Last minute Macworld keynote handicapping

The odds makers have already spoken about the likely products to be announced during today’s keynote. I’m going to speak up with some slightly contrarian predictions.

First, what the consensus has right: the FrontRow “media center” concept, with its 10-foot UI and remote, will be extended beyond its current home on the iMac to the Mac Mini. It’s almost certain that we’re due for another revision of iLife. And the evidence seems pretty good that we’ll see something called iWeb, though I doubt a web page editor is going to knock anyone’s socks off in 2006. I also think that Kevin Rose’s prediction of a point increment for Mac OS X, to 10.4.4, is pretty likely. I also agree with ZDNet that an announcement of 10.5 aka Leopard is extremely unlikely today. Macworld is simply the wrong audience for new OS previews—that’s the one thing Apple could talk about at WWDC to drive a mid-year bump in demand for its products.

Next, where I part with the rumormongers: I think it’s extremely unlikely that any pro class machines, either G5s or PowerBooks, will move to the Intel platform. I think that the odds are in fact rather long that Apple will move up its Intel migration timeline from its original mid-year delivery timeline, but the Mac Mini is the most likely first delivery vehicle. But here’s the rub: why is Apple silently bumping the specs on existing Mac Mini orders if a new version is to be announced today? My bet: yes, an Intel Mac Mini, and maybe even Intel based iBooks, will be announced—but availability will be a good eight weeks from today.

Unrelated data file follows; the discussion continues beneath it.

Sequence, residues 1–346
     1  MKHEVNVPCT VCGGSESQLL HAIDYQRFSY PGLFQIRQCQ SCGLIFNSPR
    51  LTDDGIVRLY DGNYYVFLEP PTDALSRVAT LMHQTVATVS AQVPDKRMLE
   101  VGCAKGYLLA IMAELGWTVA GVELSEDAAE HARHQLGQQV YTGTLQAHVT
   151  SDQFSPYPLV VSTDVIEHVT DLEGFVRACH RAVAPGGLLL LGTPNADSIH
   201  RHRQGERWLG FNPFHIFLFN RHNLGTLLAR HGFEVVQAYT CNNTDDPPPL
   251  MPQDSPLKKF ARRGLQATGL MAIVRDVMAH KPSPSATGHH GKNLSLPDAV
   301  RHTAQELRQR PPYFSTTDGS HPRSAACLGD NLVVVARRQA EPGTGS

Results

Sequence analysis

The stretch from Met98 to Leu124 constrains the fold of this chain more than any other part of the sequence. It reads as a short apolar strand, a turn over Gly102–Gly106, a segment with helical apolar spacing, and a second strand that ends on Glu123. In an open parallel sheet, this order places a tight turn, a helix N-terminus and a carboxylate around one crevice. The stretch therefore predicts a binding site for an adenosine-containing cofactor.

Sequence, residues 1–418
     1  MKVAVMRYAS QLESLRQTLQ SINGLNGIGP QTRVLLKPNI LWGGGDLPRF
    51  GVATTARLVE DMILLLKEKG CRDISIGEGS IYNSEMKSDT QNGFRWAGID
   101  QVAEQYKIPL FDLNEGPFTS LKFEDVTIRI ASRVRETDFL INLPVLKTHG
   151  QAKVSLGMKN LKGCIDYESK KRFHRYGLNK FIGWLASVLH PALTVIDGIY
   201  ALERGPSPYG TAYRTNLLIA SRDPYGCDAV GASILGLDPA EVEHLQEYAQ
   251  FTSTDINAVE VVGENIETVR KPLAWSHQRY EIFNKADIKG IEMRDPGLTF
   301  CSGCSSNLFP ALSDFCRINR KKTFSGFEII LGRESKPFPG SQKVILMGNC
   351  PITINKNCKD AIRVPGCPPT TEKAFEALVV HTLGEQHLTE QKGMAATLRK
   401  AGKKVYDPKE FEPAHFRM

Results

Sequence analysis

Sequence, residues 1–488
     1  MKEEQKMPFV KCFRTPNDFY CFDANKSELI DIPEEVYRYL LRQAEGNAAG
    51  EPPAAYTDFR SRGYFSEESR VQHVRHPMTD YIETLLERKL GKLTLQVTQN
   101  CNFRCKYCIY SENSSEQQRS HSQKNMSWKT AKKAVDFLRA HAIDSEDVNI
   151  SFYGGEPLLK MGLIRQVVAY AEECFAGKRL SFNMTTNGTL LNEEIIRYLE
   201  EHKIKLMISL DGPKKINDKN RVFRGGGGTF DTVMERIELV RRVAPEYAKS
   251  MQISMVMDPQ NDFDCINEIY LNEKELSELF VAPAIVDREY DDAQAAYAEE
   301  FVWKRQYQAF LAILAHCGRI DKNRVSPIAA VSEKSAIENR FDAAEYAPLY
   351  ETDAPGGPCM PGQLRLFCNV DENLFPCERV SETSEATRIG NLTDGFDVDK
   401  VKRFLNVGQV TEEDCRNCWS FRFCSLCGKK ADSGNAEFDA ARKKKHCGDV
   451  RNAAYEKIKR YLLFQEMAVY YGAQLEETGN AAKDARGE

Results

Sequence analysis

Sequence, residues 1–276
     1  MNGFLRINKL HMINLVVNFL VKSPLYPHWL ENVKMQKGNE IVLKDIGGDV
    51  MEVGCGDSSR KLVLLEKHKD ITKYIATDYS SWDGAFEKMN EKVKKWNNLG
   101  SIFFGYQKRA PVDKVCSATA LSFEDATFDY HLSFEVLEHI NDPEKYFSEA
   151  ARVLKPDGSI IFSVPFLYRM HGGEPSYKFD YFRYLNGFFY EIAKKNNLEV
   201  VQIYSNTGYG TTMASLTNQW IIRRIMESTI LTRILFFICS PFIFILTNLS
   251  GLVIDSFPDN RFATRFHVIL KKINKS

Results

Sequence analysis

Boy, all this tea leaf reading is fun. It’ll also be interesting to see exactly how wrong I am in a little over four hours when the “one more thing” is unveiled.

Finally, one last wildcard to hedge my bets: one possible reason that 1.5GHz G4 chips are showing up in Mac Minis is that the platform that they normally would power is about to move to a different architecture. The only machine in Apple’s lineup currently using 1.5 GHz G4s is the lowest-end PowerBook. Is it possible that Apple might be hedging their bets and announcing one pro and one consumer machine on the Intel platform simultaneously? Or is Apple just moving proactively to work through its chip inventory or meet final contractual goals with IBM?